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    Earth2Tech: Smart Grid Data: Too Much For Privacy, Not Enough For Innovation?

    Earth2Tech reports on an issue I’ve discussed before: privacy and  the smart grid.

    When it comes to smart grid data, how much is enough — and how much is too much? That question could pit the IT industry’s hopes to use smart grid data to help people save energy — and make money — against customer privacy and data security advocates worried that the same data could be abused by everyone from criminals to the government. Utilities, regulators and consumers could well be caught in the middle of that argument.

    That’s the gist of a discussion last week about smart grid privacy at the California Public Utilities Commission, which is forming policies for how the state’s utilities implement smart grid systems. One of the issues that the CPUC is tackling is how utilities should be required to deliver power usage and pricing data to smart meter-enabled customers. But beyond the technical and cost questions, there’s the looming question of what to do with the data in order to protect utility customers from having their information used against them. […]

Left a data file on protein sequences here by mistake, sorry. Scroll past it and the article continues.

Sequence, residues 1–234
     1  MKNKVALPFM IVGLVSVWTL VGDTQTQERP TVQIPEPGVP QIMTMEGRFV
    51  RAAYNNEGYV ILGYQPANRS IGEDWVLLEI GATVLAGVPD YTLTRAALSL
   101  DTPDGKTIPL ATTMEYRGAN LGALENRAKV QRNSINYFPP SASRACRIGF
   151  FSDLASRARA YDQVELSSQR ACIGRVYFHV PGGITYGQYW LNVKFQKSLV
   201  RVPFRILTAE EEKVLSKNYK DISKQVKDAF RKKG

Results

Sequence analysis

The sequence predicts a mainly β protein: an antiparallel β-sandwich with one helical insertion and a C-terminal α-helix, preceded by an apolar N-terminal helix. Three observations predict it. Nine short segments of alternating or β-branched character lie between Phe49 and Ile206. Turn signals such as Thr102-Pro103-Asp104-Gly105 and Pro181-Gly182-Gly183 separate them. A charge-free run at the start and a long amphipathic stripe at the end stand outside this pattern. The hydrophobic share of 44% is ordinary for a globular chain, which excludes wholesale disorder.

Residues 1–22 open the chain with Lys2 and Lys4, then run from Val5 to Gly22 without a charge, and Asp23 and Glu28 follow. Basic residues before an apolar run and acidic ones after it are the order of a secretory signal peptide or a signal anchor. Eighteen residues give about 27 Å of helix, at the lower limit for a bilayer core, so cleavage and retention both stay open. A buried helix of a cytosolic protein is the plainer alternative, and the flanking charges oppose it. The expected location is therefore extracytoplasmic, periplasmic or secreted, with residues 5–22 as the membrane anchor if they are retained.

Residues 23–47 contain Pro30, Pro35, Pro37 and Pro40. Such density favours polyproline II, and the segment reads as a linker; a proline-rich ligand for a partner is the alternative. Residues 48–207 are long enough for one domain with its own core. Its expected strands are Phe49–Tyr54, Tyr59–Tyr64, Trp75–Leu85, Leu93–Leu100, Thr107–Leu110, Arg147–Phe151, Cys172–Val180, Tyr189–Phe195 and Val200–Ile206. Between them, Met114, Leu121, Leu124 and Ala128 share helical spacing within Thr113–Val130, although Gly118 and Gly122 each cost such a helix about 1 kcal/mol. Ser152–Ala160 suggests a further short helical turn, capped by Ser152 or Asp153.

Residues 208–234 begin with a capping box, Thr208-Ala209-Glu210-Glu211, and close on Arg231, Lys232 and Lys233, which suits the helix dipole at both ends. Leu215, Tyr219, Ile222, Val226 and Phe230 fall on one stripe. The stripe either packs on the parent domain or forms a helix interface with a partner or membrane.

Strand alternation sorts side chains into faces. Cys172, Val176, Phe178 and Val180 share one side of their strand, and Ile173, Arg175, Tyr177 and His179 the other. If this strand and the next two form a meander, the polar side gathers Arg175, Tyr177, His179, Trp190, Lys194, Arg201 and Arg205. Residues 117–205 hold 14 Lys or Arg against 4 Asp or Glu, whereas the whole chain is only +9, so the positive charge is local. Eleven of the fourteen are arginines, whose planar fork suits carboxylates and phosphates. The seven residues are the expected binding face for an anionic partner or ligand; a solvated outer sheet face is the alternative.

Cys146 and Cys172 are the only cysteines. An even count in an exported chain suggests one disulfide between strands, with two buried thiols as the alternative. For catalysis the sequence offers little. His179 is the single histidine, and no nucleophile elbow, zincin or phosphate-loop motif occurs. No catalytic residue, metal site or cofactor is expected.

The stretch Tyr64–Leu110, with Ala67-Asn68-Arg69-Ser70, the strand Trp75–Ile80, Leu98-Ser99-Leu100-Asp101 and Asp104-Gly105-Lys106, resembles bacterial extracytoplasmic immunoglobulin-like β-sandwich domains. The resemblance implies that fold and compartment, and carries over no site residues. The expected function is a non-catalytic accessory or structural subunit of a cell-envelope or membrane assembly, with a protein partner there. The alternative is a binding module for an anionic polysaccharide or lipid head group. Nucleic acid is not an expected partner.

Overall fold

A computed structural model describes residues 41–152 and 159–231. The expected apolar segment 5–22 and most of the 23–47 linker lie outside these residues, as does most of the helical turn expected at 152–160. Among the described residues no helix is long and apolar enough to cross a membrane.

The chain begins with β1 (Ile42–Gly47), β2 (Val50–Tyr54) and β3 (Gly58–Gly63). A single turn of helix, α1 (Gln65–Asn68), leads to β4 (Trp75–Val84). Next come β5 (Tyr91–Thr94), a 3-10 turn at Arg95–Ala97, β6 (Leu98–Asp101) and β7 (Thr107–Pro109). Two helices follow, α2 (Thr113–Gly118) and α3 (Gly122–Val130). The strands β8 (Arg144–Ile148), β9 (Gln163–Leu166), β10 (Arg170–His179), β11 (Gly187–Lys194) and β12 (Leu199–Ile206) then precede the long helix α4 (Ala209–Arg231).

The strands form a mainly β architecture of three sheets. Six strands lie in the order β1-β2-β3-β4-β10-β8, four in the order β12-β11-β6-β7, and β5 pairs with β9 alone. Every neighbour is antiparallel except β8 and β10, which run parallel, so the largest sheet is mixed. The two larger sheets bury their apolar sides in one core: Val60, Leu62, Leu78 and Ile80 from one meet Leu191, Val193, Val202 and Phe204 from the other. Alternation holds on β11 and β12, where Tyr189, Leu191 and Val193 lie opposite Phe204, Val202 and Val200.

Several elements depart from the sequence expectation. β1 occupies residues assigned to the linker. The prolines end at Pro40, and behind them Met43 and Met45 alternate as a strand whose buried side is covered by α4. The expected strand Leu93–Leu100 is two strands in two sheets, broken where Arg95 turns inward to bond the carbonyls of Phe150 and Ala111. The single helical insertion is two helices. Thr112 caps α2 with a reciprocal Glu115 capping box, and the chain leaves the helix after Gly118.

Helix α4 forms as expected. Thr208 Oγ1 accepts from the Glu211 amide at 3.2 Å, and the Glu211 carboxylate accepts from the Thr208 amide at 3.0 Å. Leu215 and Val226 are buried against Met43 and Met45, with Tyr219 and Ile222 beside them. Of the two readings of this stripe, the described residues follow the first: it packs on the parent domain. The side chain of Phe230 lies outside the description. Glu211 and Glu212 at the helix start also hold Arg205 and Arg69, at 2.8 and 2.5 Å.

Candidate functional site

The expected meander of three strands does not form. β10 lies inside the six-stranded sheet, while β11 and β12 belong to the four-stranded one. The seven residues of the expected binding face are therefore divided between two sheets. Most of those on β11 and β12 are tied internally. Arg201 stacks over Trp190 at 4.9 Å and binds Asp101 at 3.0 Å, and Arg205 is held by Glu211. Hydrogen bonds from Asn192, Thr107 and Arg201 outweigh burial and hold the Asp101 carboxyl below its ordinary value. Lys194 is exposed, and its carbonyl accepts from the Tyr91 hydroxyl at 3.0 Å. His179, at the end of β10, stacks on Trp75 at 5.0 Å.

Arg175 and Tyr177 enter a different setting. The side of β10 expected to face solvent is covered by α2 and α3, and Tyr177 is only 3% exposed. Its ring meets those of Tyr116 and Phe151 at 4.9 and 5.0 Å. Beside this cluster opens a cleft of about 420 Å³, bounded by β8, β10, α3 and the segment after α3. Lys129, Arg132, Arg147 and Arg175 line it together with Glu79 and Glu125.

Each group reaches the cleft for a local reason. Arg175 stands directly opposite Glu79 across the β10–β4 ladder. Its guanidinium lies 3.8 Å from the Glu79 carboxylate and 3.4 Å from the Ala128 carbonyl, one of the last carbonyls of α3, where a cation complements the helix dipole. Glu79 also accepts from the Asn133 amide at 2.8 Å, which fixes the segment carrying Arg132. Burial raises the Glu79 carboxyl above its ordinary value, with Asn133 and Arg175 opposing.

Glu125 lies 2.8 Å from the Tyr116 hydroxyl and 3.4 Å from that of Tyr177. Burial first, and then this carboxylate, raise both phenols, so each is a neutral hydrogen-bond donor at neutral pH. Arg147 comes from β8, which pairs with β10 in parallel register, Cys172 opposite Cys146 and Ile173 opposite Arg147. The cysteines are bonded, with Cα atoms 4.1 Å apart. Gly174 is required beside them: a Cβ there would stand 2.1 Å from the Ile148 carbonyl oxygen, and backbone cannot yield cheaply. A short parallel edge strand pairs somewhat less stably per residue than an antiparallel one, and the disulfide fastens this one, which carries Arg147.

This and other concepts are part of a broader set of “Fair Information Practice Principles” that Dempsey would like both federal and state smart grid plans to adopt. The National Institute of Standards (NIST), the federal agency putting together a national smart grid plan has said security and privacy is a key concern as well. “These are the questions you have to ask yourself — what information are you collecting, how long will you store it, who will you share it with?” [CDT’s Jim] Dempsey said Friday. […]

    Certain utility customer data used inappropriate ways could lead to that data playing a part in “discriminatory, anti-competitive or illegal uses,” said Karin Hieta, a staff analyst for the Division of Ratepayers Advocates, a state agency. Numerous consumer protection and privacy groups have raised their concerns about potential abuses, such as letting burglars see when household power is off to choose which homes to rob, law enforcement agencies spying on people’s household activities without warrants, or marketers getting ahold of appliance usage data to make unwanted targeted sales pitches.

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